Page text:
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Publication numberUS3693439 A
Publication typeGrant
Publication dateSep 26, 1972
Filing dateJul 30, 1971
Priority dateJul 30, 1971
Publication numberUS 3693439 A, US 3693439A, US-A-3693439, US3693439 A, US3693439A
InventorsCushing Vincent J
Original AssigneeCushing Vincent J
Export CitationBiBTeX, EndNote, RefMan
External Links: USPTO, USPTO Assignment, Espacenet
Electromagnetic water current meter
US 3693439 A
Abstract
An electromagnetic water current meter employing a magnet producing an alternating flux field which is of finite intensity and zero slope during a significant portion of each half cycle. The electrodes which receive the water current-generated voltage signal exhibit a sufficiently high resistivity as to assure that the distributed capacitance at the exposed faces of the electrodes does not cumulatively produce an integrating effect which will extend decay of "transformer effect" voltages into the terminal portions of each half cycle during which signal sampling is effected. Carbon which displays a resistivity of about 3,500 microhm-cm at room temperature is a preferred material.
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United States Patent Cushing [54] ELECTROMAGNETIC WATER CURRENT METER [72] Inventor: Vincent J. Cushing, 9804 l-lillridge Drive, Kensington, Md. 20795 [22] Filed: July 30, 1971 [21] Appl. No.: 167,673

[56] References Cited UNITED STATES PATENTS 10/1957 Buntenbach ..73/194 EM 12/1963 Soller et al. ..73/194 EM X 7/ 1967 l-lognestad ..73/194 EM 7/1967 Cushing ..73/194 EM '2 s i i a w a a F 1 1 a I 4 N E a I I I 51 Sept. 26, 1972 Primary Examiner-Charles A. Ruehl Attorney-Snyder, Brown & Ramik [5 7] ABSTRACT An electromagnetic water current meter employing a magnet producing an alternating flux field which is of finite intensity and zero slope during a significant portion of each half cycle. The electrodes which receive the water current-generated voltage signal exhibit a sufficiently high resistivity as to assure that the distributed capacitance at the exposed faces of the electrodes does not cumulatively produce an integrating effect which will extend decay of transformer effect" voltages into the terminal portions of each half cycle during which signal sampling is effected. Carbon which displays a resistivity of about 3,500 microhmcm at room temperature is a preferred material.

P'ATENTEDstree 1912 INVENTOR VINCENT J. CUSHING ELECTROMAGNETIC WATER CURRENT METER BACKGROUND OF THE INVENTION In the electromagnetic measurement of water current velocity components, it has become well recognized that cyclic reversal of the magnet field is of substantial value. With sinusoidal excitation of the magnet winding and phase-sensitive detection of the electrical signal picked up by a pair of sensing electrodes, quadrature noise voltage is rejected by the phase-sensitive detector or, if manifested to some extent at the output of the detector, has been bucked by a suitable reference voltage. Unfortunately, the noise voltage typically displays phase shift as conditions vary which is interpreted by the phase-sensitive detector as a variation in velocity so that zero-point or base line drift of such instruments becomes a significant problem.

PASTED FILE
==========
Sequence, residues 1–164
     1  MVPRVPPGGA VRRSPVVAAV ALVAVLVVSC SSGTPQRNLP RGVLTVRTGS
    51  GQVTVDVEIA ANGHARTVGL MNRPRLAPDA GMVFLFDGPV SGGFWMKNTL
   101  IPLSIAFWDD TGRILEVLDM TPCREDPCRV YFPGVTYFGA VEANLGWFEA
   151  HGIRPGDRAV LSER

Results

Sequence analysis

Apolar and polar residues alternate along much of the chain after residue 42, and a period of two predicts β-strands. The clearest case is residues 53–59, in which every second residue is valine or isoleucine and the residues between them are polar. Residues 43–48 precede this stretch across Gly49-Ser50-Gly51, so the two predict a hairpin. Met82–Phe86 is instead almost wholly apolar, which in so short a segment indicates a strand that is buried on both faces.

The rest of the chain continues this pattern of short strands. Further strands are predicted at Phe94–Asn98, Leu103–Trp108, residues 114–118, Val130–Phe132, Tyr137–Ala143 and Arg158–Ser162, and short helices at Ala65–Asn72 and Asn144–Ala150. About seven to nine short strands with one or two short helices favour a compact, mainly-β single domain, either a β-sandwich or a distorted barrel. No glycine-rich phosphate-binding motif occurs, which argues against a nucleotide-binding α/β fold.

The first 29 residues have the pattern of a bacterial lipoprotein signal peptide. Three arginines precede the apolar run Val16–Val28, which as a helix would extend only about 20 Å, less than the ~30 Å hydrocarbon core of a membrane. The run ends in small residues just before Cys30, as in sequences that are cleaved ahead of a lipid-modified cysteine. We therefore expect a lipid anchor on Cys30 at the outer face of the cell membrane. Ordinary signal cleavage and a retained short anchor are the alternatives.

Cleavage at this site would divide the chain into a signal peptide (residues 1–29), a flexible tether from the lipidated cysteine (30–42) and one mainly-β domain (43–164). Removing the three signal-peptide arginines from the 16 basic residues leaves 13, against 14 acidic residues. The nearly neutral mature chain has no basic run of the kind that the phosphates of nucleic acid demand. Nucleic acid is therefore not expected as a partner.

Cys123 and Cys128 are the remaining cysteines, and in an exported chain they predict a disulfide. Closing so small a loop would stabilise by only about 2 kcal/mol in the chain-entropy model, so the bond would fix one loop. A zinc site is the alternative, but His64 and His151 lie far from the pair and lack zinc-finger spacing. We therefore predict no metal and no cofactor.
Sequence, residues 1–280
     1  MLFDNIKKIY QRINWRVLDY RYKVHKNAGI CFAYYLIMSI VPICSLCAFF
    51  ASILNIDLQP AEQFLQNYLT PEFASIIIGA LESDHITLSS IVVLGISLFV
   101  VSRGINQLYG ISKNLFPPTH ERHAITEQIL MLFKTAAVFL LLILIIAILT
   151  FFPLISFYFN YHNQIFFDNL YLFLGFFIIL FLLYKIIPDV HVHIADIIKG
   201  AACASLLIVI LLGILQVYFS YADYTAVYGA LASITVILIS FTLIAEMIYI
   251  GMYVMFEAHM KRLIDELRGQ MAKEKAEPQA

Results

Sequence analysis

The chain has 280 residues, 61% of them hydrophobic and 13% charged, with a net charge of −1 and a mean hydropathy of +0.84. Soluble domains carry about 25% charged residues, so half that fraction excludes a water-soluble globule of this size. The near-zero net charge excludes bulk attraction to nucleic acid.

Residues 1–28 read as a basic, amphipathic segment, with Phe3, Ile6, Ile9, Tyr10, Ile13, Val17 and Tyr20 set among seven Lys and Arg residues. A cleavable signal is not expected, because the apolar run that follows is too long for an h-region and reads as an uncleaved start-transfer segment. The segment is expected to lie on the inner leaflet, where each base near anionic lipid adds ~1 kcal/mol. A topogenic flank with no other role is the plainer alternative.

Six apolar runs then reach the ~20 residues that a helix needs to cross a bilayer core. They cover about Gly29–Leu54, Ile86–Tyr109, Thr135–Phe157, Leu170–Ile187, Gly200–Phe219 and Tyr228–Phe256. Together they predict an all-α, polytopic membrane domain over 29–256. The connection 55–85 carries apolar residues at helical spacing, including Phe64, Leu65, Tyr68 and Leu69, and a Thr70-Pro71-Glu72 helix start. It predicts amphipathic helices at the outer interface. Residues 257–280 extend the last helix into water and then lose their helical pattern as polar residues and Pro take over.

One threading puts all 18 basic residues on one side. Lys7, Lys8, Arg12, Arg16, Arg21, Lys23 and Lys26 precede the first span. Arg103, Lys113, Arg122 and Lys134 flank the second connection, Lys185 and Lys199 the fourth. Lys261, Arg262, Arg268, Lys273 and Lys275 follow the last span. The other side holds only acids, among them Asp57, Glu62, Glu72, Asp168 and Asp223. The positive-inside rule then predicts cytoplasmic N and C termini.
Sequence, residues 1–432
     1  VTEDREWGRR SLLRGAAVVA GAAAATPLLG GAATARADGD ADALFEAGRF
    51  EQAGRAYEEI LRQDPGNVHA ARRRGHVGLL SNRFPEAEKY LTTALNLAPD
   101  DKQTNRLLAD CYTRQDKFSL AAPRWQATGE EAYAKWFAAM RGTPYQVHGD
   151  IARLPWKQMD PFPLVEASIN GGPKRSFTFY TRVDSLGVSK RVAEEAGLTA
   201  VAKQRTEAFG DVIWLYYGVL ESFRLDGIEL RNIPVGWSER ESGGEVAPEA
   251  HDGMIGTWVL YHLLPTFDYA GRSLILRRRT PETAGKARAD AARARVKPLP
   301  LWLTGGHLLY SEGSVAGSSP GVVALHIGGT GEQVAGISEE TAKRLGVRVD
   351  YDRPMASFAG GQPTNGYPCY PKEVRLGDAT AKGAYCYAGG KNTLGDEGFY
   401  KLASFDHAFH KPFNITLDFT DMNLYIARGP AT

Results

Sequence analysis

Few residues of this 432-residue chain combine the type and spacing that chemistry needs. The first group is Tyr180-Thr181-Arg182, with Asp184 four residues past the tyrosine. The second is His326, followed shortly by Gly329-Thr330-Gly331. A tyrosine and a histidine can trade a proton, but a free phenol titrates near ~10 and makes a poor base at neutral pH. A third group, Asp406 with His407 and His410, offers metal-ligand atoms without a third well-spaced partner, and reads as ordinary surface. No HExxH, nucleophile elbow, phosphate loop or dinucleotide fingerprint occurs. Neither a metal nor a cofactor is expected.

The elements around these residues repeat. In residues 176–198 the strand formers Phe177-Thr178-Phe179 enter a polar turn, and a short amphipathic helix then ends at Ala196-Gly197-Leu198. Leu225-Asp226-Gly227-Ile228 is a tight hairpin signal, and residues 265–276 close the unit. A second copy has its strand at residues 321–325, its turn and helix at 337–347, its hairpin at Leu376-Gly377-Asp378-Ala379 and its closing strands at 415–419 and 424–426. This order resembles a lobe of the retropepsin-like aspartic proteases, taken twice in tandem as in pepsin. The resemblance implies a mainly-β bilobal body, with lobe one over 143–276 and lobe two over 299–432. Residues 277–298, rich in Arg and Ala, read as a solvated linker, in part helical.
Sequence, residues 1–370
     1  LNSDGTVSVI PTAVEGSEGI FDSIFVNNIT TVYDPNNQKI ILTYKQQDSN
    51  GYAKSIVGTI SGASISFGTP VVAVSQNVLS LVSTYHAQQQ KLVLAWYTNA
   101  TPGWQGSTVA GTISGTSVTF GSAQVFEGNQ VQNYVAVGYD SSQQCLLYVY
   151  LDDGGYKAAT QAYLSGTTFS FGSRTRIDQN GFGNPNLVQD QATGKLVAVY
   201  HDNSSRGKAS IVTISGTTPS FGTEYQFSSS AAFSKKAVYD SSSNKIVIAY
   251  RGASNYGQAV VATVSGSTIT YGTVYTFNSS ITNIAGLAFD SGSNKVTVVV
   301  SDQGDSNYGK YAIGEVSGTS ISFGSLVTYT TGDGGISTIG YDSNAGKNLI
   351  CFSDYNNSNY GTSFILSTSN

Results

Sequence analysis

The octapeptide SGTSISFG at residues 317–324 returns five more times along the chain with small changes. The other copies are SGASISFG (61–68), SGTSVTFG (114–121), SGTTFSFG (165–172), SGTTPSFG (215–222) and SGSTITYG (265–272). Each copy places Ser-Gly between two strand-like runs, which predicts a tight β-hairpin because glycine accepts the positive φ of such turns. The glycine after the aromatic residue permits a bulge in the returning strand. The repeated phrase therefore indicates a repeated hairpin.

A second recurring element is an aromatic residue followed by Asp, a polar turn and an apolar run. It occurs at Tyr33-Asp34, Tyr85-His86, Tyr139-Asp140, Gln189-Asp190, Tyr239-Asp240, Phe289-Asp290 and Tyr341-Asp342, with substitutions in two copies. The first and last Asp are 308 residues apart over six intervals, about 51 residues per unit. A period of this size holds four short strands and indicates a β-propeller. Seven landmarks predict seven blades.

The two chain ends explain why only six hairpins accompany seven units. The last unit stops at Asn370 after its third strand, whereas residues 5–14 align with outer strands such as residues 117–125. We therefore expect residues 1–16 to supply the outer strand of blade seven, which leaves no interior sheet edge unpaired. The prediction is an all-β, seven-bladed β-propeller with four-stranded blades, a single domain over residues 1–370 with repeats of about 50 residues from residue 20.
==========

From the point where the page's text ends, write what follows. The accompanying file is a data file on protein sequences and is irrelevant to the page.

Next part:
Since the quadrature error mentioned above is attributable to the alternating magnetic induction and is dependent upon the time-rate-of-change of B (B is intensity of magnetic induction), it has been proposed that the magnet winding be driven by an alternating square or rectangular wave signal so that the magnetic induction will be quiet (i.e. B during at least a terminal portion of each half cycle. Based upon this theory, if the velocity-generated signal is sampled only during this terminal portion of each half cycle, the root cause of base line drift should disappear. Unfortunately, although the base line drift problem may be attenuated, it does not disappear sufficiently to meet the stringent requirements of some applications.

BRIEF SUMMARY OF THE INVENTION Accordingly, it is of principal concern in connection with this invention to provide means whereby the base line drift of the latter type of electromagnetic type of water current meter may be reduced to extremely low values and wherein the instrument may be made insensitive to variations in the conductivity of the water (i.e. does not require recalibration for use in waters of different conductivity such asfresh water as opposed to salt water). Briefly, the present invention is directed to the use of electrodes which have a relatively high resistivity. By relatively high resistivity is meant a resistivity which is of a value substantially greater than that of the metallic electrodes (i.e. stainless steel) used in prior art devices and preferably in the order of that of carbon or greater. Relatively pure carbon is an excellent material, as is boron carbide. Various mixtures of graphite in synthetic resinous material in proportions sufficient to obtain a high enough value of resistivity are also useful.